While the original sponsors of Alabama’s extreme anti-immigrant bill HB56 have acknowledged that the law is deeply flawed, as evidenced by a new bill to modify some of the harsher provisions, the restrictionist stalwarts at the Federation for American Immigration Reform (FAIR) want Alabamians to remember what it has supposedly done for the state. In a recent article, FAIR continues to make the unsubstantiated claim that HB56 is exactly what Alabama’s economy and workers need. It does this by using its trademark technique of pitting Alabama’s native-born workers against immigrants and their children, many of whom are U.S. citizens.
FAIR argues that “self deportation” will level the playing field for Alabama’s workers, giving them access to the jobs that immigrants currently hold. While this kind of one to one trade-off has been repudiated numerous times, it doesn’t stop FAIR from arguing that HB56 is good for Alabama. The fact is that if unauthorized immigrants were to “self deport,” the state would lose workers, taxpayers, and consumers—shrinking the state’s economy in the process.
This point is already evident to many in the state, including some of the original Republican supporters of the bill. Gerald Dial, Alabama State Senate Republican whip and former HB 56 supporter, stated that HB56 will make other states more attractive for investors. “Other states will say, ‘Hey, you don’t want to go to Alabama now. We’re probably going to lose those people… That’s probably the most detrimental part of the whole bill.” Losing foreign investors could be devastating to a state where 5% of the workforce is employed by foreign companies.
The attempt to make unauthorized immigrants “self deport” also puts a burden on businesses that have to comply with the harsh provisions. Businesses in the state are feeling the pain because they have to incur additional “shadow costs” of protecting themselves from the law’s stiff penalties. According to Samford University professor Jeremy Thornton, “Every business that now has to comply with this legislation, that’s just extra cost. And anytime you raise costs, businesses shrink.”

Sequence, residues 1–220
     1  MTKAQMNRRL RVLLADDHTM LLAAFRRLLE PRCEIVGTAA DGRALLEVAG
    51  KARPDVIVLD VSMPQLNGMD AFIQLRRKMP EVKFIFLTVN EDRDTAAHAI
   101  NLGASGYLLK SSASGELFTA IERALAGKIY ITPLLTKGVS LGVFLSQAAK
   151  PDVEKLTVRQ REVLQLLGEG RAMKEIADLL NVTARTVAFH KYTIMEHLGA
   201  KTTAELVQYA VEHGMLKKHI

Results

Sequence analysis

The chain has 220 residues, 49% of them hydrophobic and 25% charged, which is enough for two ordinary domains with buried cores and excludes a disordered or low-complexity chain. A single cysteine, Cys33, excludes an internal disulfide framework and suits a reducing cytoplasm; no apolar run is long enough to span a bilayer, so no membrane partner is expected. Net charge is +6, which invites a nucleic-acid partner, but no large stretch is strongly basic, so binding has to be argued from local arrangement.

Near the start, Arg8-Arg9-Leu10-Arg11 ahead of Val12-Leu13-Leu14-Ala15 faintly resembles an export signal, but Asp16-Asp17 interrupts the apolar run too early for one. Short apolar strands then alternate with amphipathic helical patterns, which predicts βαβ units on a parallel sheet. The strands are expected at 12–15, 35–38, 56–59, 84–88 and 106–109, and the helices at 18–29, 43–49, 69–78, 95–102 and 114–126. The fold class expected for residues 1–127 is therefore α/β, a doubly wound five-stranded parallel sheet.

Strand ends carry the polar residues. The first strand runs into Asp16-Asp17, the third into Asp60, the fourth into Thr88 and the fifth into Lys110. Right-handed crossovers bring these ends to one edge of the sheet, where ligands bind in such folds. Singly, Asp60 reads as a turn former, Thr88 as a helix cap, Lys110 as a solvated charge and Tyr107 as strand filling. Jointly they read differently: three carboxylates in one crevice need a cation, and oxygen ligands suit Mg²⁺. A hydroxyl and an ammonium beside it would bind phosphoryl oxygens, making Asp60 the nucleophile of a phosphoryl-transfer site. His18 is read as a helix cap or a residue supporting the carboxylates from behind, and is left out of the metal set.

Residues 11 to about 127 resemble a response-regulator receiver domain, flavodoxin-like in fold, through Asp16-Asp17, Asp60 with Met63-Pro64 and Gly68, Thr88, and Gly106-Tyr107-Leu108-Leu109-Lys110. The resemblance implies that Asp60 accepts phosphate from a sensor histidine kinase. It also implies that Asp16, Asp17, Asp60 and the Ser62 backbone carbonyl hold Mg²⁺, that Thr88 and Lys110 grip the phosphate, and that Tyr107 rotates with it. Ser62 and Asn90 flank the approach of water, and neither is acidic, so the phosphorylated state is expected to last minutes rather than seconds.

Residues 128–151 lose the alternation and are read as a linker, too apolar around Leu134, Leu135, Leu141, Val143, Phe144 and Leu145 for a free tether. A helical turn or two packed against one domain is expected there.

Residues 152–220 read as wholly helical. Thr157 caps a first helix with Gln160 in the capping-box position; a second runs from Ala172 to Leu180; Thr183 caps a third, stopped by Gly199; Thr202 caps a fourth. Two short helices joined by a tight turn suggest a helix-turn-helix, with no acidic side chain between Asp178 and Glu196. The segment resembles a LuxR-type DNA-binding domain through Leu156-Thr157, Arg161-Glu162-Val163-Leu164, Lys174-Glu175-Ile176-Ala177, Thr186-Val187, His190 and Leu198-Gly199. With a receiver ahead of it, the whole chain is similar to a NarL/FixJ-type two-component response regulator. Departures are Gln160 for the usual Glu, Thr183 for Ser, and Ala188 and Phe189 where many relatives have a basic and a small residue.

There is a fiscal aspect to HB56 as well. Implementing the law could potentially cost the state and its taxpayers dearly, while shrinking the economy and the tax base. FAIR’s analysis ignores the costs associated with implementing HB56 including costs to police for enforcing the law, costs to jails for detaining violators of the law, costs to state agencies associated with checking everyone’s documents, and costs to schools associated with checking students’ citizenship status. There is also the potential of spending millions of dollars to defend the law.
FAIR also inadvertently makes the case for legalizing undocumented workers when it argues that, “a legal workforce boosts the economy.” That is true, in the sense that a legal workforce ensures a level playing field for all workers and eliminates unfair advantages that unscrupulous employers may get from hiring undocumented workers. But that level playing field doesn’t magically occur simply by booting undocumented workers out of the state—it occurs when national immigration laws reflect the economic reality that America needs more legal immigration to meet its needs.
FAIR claims to care about Alabama’s workers but, in reality, they are using them to advance their anti-immigrant strategy. Rather than advocating policies to benefit Alabama’s workforce, it blames unauthorized immigrants – all 95,000 of them – for the state’s woes. If FAIR thinks Alabama needs a better educated and stable workforce, it should put its resources toward supporting policies that provide better educational opportunities and protect the rights of all workers—native born and immigrant alike.